вторник, 19 май 2015 г.

After Kerry's visit - business as usual with Russia? Unlikely - part one

The drivers of confrontation

9-th of May almost split Europe and rekindled the debate on the vectors of EU relations with Russia, as well as the role and place of East Europe in the process.

Prior to hammering out a New World Order at the negotiation table, as pursued by the Kremlin, we are likely to witness a new round of hostilities and a deeper dip of West-Russia relations, as well as a new round of excess use of soft and hard power. Seems odd against the results of the Kerry visits and reassurances on Russia's side that relations are improving? It is too early to affirm that the West will tacitly agree with the annexation of Crimea and will accept to fix the statusquo in Eastern Ukraine.  
The Kremlin will do whatever it takes to revoke the sanctions in the coming months and if needed, it will reach all out to both friends and former foes and try to split the EU apart. Putin's chances of success should not be underestimated, but are still slim, in spite of his mastership in the art of brinkmanship. He is excelling at playing Vladimir the Unpredictable, blowing hot and cold, engaging in carrot and stick actions. The haste that garnishes the lack of long term vision stems from the deepening awareness of the time and resource limits at his call. The buzzwords these days at the Ministry of Foreign Affairs in Moscow are an encore of the old adage – is Lavrov capable of mending fences with the West at Moscow's terms?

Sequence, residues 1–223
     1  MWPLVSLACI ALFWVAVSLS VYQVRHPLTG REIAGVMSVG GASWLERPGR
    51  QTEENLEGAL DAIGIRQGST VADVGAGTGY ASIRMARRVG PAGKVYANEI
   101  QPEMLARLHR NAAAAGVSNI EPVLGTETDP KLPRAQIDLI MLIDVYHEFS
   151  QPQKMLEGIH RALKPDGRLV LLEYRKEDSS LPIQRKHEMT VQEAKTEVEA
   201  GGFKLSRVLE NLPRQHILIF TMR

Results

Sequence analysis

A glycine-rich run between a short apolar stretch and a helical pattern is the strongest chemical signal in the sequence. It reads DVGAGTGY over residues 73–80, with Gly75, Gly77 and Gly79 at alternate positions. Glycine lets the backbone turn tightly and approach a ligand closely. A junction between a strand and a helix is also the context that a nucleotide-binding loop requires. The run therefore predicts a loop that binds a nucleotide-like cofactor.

The grapevine brought some unsubstantiated rumors of his potential replacement, which is nothing new for the Byzantine world of the Kremlin. However Lavrov once again pulled the rabbit out of the hat demonstrating his skills to arrange blitz visits and stage foreign policy shows. Finally he saw Kerry off with some homemade food for his residing in the US daughter.

But the real world spins around its own axis, what matters are not the diplomatic photo ops but the hard facts or deeds - expanding the list of “foreign agents” among the international NGO based in Russia, another critic of the regime found dead in his apartment and GRU agents caught in Ukraine. 

In spite of all the hype on reconciliation the West and Russia will seek to press their cases further both in direct open talks and concurrent subversive actions.

Russian media continued Russia’s elite pretense of past hurt pride and inalienable rights to inherit the Soviet Unions global power status and talk equal with the US. But Putin is not ready to make any concessions and while his tone is softening his acts ever more resolute. The saying in close to Kremlin quarters is - if western leaders do not show up on our invitation in Moscow, we will visit them uninvited, including kicking off a new spiral in the information and propaganda warfare.